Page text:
Mrs Prentis described it as a 'sad day' but now the high speed rail project has been confirmed, she wants to work to make it a success.
She said: "Today is a sad day for me and my constituents, and for friends from all over the nation who have been involved in the fight to stop HS2 over the last 11 years.
"Obviously, I remain concerned by the environmental impact of HS2, and by the financial and governance issues of this project which have become increasingly worrying.
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"This is a sad day but it also a day to accept that we must come together, as with the other great national project on which there is division, in a spirit of optimism for the future. This project is to go ahead, and it must be a success.
"To that end, it is important that we re-work the plan as necessary. We need to make sure above all that the Northern powerhouse rail links, which are so desperately needed, are built in the very near future. We need to ensure that tight financial controls, along with minimising disruption and environmental impact are uppermost in the thinking of those who run the project," said Mrs Prentis.
"I am sad, but I am also prepared to row in behind a new and improved HS2. I really do hope we are able to make it work for the nation as a whole."
The first phase of the plans will travel between London and Birmingham cutting through many locations along the way including Oxfordshire, Buckinghamshire, Northamptonshire and Warwickshire.
It was announced in the House of Commons by Boris Johnson today (Tuesday) when he also revealed that a full time minister would be appointed to oversee the project.
The Prime Minister said: "There is no doubt of the clinching case for HS2. I can not say HS2 limited has distinguished itself in the handling of local communities. The cost forecasts have exploded, but poor management to date has not detracted from the fundamental value of the project."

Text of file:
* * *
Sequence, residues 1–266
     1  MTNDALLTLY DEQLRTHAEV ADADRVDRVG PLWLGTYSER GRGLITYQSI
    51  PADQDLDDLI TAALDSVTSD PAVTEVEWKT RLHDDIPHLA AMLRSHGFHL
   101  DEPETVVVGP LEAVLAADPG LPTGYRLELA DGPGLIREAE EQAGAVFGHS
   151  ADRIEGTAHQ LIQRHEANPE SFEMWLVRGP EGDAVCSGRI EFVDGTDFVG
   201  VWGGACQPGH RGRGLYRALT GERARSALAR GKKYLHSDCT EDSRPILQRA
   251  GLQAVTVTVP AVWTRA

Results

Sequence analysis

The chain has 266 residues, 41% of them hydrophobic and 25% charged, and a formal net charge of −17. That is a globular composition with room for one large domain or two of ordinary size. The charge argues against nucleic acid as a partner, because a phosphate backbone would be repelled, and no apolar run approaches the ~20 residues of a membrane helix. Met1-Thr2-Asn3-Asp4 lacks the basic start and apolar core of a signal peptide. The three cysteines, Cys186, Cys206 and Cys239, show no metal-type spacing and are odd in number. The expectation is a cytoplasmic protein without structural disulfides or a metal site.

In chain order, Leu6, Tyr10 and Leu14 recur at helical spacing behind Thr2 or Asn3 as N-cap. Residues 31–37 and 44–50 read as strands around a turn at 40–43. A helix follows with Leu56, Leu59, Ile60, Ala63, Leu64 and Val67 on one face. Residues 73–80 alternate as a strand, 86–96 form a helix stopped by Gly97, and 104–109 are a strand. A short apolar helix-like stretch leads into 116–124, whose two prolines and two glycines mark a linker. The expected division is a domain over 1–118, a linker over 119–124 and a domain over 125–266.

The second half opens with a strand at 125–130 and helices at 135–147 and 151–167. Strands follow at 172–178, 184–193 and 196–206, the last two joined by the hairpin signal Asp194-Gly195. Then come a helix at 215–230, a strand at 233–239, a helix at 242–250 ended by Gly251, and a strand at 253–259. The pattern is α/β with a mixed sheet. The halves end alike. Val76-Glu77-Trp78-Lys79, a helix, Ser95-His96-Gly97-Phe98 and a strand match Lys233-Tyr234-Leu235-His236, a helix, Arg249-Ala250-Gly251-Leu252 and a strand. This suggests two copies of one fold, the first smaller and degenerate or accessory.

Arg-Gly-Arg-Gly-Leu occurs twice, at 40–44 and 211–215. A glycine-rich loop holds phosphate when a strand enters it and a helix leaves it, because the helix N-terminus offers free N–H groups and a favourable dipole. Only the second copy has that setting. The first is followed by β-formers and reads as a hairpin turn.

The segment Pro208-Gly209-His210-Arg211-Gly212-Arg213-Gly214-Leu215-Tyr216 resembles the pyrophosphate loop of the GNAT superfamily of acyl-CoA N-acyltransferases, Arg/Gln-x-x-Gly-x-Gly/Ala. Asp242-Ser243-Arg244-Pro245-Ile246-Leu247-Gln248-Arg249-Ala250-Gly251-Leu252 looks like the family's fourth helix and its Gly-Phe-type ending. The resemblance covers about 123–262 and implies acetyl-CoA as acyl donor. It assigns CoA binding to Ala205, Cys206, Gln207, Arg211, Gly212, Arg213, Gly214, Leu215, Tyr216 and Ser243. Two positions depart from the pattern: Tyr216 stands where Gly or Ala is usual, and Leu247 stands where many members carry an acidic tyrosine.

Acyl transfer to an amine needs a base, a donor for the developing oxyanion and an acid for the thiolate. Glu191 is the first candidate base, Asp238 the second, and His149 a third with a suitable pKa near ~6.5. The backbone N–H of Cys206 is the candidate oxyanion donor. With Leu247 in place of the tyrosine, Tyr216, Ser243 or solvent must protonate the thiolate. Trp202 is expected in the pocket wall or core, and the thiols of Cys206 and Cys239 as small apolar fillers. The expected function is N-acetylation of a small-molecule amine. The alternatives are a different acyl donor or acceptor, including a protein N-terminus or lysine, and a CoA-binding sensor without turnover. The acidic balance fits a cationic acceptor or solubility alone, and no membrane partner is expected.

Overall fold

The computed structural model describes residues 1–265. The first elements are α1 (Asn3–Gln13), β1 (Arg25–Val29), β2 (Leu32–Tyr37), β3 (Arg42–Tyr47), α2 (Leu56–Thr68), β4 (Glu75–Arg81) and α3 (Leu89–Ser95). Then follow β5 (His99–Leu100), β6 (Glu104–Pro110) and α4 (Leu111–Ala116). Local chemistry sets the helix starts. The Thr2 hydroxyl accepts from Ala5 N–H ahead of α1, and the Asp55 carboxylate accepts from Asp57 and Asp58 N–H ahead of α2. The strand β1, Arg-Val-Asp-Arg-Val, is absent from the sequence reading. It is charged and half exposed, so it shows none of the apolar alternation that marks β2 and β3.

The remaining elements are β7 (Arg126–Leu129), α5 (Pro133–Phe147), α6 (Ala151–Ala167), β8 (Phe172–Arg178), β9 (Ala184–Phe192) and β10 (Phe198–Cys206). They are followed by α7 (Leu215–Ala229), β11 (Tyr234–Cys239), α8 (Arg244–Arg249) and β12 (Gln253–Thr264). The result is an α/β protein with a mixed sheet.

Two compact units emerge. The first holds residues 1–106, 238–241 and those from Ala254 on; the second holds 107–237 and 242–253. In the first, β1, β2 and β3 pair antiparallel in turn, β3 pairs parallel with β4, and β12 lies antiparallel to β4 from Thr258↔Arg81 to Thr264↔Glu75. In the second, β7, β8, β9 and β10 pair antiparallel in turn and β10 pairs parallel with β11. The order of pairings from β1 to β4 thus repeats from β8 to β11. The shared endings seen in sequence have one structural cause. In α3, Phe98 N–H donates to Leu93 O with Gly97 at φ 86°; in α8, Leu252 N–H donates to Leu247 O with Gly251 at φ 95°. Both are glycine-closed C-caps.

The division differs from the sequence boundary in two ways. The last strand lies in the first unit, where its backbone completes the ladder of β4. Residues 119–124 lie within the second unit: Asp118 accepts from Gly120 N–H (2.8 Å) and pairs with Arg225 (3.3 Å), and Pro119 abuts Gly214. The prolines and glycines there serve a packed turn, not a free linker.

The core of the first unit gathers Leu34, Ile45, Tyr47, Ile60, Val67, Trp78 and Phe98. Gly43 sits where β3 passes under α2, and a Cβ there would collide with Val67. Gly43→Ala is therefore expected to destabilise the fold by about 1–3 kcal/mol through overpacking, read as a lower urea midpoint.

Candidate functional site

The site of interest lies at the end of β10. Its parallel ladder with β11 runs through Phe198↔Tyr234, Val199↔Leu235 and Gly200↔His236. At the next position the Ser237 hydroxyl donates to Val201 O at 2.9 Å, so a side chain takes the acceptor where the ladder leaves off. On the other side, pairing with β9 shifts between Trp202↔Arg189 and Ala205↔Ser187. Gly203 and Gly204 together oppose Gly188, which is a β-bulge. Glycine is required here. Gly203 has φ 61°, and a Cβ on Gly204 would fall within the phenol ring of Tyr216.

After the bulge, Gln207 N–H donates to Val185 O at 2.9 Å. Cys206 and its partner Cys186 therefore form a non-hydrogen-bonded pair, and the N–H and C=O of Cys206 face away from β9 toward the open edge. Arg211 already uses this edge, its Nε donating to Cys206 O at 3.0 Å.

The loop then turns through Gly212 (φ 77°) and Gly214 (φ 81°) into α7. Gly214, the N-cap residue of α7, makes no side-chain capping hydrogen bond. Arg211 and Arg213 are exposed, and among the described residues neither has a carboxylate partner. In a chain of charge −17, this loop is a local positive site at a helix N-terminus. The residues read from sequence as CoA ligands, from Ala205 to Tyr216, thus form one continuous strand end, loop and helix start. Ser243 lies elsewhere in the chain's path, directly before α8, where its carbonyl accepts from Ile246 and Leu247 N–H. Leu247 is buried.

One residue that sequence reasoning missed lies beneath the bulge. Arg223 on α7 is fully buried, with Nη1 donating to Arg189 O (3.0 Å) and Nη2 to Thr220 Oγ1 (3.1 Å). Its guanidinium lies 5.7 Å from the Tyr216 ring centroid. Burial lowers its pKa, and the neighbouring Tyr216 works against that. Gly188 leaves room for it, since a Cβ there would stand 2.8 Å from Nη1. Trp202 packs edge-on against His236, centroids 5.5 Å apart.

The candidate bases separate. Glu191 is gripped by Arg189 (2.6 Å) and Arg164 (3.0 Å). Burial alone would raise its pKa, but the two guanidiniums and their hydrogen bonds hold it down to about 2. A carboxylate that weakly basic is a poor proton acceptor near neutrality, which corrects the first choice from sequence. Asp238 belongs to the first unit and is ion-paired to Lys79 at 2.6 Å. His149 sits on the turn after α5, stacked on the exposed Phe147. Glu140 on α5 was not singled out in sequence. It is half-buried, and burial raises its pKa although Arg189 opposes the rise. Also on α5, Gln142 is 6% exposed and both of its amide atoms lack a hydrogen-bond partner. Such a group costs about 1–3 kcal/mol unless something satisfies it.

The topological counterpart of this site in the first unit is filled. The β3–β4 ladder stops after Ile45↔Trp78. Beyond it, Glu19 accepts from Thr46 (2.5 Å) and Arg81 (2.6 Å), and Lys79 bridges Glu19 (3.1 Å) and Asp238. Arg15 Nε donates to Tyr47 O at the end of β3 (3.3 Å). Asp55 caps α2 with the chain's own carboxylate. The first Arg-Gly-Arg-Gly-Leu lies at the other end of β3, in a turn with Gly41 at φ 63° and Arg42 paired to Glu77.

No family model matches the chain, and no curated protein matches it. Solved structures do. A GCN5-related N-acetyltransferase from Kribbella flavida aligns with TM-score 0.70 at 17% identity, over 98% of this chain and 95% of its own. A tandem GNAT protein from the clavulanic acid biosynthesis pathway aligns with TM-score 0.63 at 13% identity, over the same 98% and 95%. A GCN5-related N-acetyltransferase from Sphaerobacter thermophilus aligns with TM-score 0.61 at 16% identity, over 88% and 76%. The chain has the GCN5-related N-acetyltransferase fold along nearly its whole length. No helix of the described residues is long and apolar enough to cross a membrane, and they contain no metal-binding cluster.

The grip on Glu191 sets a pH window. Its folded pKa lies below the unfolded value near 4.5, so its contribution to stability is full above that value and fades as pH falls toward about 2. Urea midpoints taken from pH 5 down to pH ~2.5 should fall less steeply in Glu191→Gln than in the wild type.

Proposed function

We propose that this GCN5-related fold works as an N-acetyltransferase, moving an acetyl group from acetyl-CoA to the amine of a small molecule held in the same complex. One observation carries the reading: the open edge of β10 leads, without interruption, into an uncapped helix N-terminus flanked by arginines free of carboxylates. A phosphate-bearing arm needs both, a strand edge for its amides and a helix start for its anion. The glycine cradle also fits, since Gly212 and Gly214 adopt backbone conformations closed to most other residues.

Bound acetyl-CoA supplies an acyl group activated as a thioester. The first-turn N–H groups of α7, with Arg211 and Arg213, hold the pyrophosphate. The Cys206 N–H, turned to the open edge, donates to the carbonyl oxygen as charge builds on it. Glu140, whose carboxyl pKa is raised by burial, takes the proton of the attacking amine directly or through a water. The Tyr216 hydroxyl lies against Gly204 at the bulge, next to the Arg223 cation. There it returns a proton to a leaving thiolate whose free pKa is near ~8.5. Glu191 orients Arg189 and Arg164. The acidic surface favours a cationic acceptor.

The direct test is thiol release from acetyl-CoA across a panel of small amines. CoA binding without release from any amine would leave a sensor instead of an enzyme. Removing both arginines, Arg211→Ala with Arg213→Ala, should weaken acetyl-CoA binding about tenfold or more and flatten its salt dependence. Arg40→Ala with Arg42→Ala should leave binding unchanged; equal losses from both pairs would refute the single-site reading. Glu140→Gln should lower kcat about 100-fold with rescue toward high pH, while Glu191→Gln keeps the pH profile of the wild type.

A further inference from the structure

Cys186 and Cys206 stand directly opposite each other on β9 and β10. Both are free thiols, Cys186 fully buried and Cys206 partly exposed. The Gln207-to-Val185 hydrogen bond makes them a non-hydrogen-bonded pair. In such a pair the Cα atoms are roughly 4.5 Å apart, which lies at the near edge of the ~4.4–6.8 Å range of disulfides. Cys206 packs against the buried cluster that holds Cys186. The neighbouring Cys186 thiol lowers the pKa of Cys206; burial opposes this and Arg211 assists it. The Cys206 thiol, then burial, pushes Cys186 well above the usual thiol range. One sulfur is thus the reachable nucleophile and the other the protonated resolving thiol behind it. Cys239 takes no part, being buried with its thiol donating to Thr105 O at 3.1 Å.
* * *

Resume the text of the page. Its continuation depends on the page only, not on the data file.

The first phase of the high-speed rail link was due to open at the end of 2026 but it is now believed that the first trains may not run on the route until some time between 2028 and 2031.
The cost of the project was originally estimated at £56 billion but independent reports believe that the costs could more than £100 billion.
Critics of the scheme say it will have a devastating impact on the environment and there will be no benefit to the places where the route is being built.
Darren Caplan, Chief Executive of the Railway Industry Association, said: “The Railway Industry Association and our members support the Government’s decision today to get HS2 done, a decision that could unlock a new ‘golden age of rail’.
“HS2 will not just boost the UK’s economy and connectivity but will also enable other major rail infrastructure projects to be delivered. It will also unlock economic growth throughout the UK, not only by directly connecting eight out of ten of the UK’s largest cities, but also by increasing capacity at 73 stations serving towns and communities across the country, 54 of which aren’t even on the route."
Transport Salaried Staffs' Association General Secretary, Manuel Cortes, welcomed the announcement which has come after weeks of speculation about the findings of a report by Douglas Oakervee looking into the project.
Mr Cortes said: “Our union welcomes this announcement and we have said from day one that HS2 is vital not only to build much needed capacity on our railways but as a clean and green means of connecting and turbo charging economies across the Midlands and the North.
“Nearly half of Britain’s population will be linked by HS2 services around Birmingham, Manchester, Leeds and London but I say directly now to (Boris) Johnson – grasp the nettle – and commit to taking HS2 all the way to Scotland.
“Frankly there should have been no Oakervee and no bending the knee to short-sighted Tory backbenchers focussed only on their own backyard.
“This is about creating a high-speed rail network which will see an historic shift of freight and passenger travel from roads to rail – hopefully all the way to Glasgow and Edinburgh – which will see passengers transfer from domestic flights and in so doing cut our carbon emissions and fight climate change.
“The benefits of HS2 and Northern Powerhouse Rail will be felt by many for decades to come. Germany, Spain, France, Japan and host of other countries are miles ahead of us when it comes to high speed rail.
“However, without public ownership the fares will be so extortionate that people won't be able to ride the trains so our whole rail network must be brought under public control.
“What we have heard today must be an end to the debate and delay – there is not a moment to lose – we must get on with getting HS2 done.”